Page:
[FIGURE] Fig. 4. Observed (open dots) and model (full line) radial velocities curves for NGC 2974.

The corresponding mass, luminosity and [FORMULA] profiles are plotted in fig. 5. The value of the inclination angle [FORMULA] is well constrained by the model to be [FORMULA] while [FORMULA] and [FORMULA]. The intrinsic shape of the galaxy is triaxial with axial ratios [FORMULA], [FORMULA], [FORMULA], [FORMULA] with the gas moving on the principal plane [FORMULA] the short axis. The [FORMULA] radial profile decreases from [FORMULA] [FORMULA] at the innermost point to [FORMULA] at the outermost point. This value is smaller than the value of 5 [FORMULA] obtained by Cinzano & van der Marel (1994) studying the stellar dynamics.

[FIGURE] Fig. 5. As Fig. 3 for NGC 2974. The 68% confidence region is bounded by the highest [FORMULA] model (dotted line) and by the best model (full line) that, in this case, represents also the lowest [FORMULA] model.

4.3. NGC 5077

NGC 5077, an E3 galaxy with a prominent minor axis dust lane, has been the subject of a detailed study by B91 who modelled its ionized gas velocity field by means of a triaxial potential without a cusp. We assumed [FORMULA] (from B91) finding that the gaseous disk lies in the plane [FORMULA] to the long axis. This is as expected, because the ionized gas lies almost perpendicular to the apparent major axis. No solutions are found for a gaseous disk laying in the plane [FORMULA] to the short axis.

The best fitting values for NGC 5077 are shown in Table 2 and the model velocity curves are plotted in fig. 6. The angle [FORMULA] is well determined by the fit and lies close to PA [FORMULA], The viewing angle [FORMULA] is poorly determined by the fit and, as a consequence, it gives an uncertainty in the determination of the total mass of the galaxy but it does not influence the trend of the density profile. The value of [FORMULA] found in this paper is close to the lower limit stated by B91. The result of the luminosity fit is plotted in fig. 2 and listed in Table 2. The light and mass density profiles as well as the local [FORMULA] ratio profile are plotted in Fig. 7.

[FIGURE] Fig. 6. Observed (open dots) and model (full line) radial velocities curves for NGC 5077.
[FIGURE] Fig. 7. As Fig. 3 for NGC 5077. Only the best fit model is plotted.

The results obtained in the present work are in reasonable agreement with B91. Due to the more restrictive geometrical constraints here considered, i.e., not only the twisting between the stellar body and the gaseous disk but also the twisting between the inner and outer stellar isophotes, we do not find solutions for the gas occupying the plane perpendicular to the short axis. The viewing angles that we find ([FORMULA]) fall in the range indicated by B91. The axial ratios ([FORMULA], [FORMULA], [FORMULA], [FORMULA] also are in the region indicated by B91. The [FORMULA] profile increases slowly from the value of 4 [FORMULA] in the center to 8 [FORMULA] at the last measured point. This result is also consistent with B91, the higher value of [FORMULA] being due to the lower value of [FORMULA] here considered.

4.4. NGC 7097

NGC 7097 is an E5 of [FORMULA], [FORMULA] (RC3) at a distance of 45 Mpc. The stellar kinematics reveal a counterrotating core (Caldwell et al. 1986, Pizzella et al. 1996). The ionized gas velocity field of NGC 7097 has been studied by Caldwell et al. (1986). They considered a gaseous disk inclined at [FORMULA] with respect to the line of sight finding an [FORMULA] ratio varying from less than 1 [FORMULA] in the center to 3.5 [FORMULA] at the last measured point, at [FORMULA].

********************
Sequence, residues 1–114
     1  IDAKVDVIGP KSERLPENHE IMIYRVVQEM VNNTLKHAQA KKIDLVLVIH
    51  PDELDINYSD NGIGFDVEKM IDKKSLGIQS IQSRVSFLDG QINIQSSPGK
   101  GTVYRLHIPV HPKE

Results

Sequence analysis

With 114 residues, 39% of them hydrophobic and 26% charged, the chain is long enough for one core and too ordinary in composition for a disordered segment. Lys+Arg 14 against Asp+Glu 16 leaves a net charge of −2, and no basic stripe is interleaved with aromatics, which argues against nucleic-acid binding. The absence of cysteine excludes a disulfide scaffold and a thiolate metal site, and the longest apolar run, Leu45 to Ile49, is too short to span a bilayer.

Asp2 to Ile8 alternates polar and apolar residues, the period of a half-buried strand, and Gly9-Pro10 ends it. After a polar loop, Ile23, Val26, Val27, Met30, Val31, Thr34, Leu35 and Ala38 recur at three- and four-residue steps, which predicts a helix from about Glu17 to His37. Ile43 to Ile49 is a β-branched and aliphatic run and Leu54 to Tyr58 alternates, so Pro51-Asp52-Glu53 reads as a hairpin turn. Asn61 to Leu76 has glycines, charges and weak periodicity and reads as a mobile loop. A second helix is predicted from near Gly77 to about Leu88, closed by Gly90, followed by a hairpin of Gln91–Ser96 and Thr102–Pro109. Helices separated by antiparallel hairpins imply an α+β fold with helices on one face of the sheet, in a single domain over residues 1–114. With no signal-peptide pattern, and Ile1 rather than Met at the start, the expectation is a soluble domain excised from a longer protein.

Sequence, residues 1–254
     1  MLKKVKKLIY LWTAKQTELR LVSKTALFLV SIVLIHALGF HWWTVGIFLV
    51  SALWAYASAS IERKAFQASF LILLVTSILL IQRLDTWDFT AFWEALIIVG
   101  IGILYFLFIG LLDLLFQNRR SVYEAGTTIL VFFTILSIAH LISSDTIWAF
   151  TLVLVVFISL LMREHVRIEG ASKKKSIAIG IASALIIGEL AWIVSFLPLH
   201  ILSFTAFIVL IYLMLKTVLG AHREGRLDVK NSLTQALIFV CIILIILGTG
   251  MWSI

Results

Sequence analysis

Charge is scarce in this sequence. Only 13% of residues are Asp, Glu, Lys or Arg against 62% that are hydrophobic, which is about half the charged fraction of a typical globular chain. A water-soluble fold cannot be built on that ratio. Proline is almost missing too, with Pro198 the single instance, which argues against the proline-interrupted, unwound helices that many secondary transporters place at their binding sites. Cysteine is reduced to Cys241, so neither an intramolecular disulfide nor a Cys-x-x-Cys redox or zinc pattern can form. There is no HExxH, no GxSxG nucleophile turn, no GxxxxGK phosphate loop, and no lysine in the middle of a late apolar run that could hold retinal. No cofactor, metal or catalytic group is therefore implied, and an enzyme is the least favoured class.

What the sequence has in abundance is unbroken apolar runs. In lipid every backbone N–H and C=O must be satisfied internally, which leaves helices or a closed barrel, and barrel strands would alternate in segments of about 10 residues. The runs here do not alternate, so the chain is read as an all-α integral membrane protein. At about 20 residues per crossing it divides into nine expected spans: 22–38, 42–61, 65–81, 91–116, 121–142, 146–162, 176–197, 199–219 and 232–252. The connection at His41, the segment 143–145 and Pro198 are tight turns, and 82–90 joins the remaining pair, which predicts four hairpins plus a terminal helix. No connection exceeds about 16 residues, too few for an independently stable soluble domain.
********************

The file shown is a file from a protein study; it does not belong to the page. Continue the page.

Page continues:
For this galaxy we have 5 spectra at different position angles. The [FORMULA] image (Paper I) shows the presence of an ionized gas disk misaligned by about [FORMULA] with respect to the stellar isophotes and with an inclination of [FORMULA]. The geometrical constraints considered are [FORMULA] as indicated by the [FORMULA] and PA profiles in Paper I. When we apply the triaxial modeling we find a low value of the inclination, less than [FORMULA]. This result is in contradiction with the indication of the [FORMULA] image. Moreover the projected rotation velocity is about [FORMULA] (fig. 8) and a face-on disk will produce huge and unusual deprojected rotation velocities. The problem is mainly due to the rotation curve of PA [FORMULA] as is clearly visible in fig. 8 which represents the best fit kinematical model. The poor fitting of this curve is not an artifact of the triaxial modeling. Neither an error of the position angle of the slit during the exposure can justify the discrepancy between the observation and the model velocity curves. After these considerations, we decided to use the value of [FORMULA] indicated by the [FORMULA] image ([FORMULA]) and proceeded with the modeling. For the luminous density model we used the surface brightness profile by Sparks et al. (1991) plotted in fig. 2 together with the best fit luminous model. In Table 2 we report the results of the kinematical and luminosity models while in fig. 9 we show the mass and luminous density profile with the [FORMULA] profile. The geometrical constraints indicate that the gas is moving in the plane perpendicular to the short axis. [FORMULA] is constant with radius and is 8 [FORMULA].

[FIGURE] Fig. 8. Observed (open dots) and model (full line) radial velocities curves for NGC 7097.
[FIGURE] Fig. 9. As Fig. 3 for NGC 7097. Only the best fit model is plotted.

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© European Southern Observatory (ESO) 1997

Online publication: June 5, 1998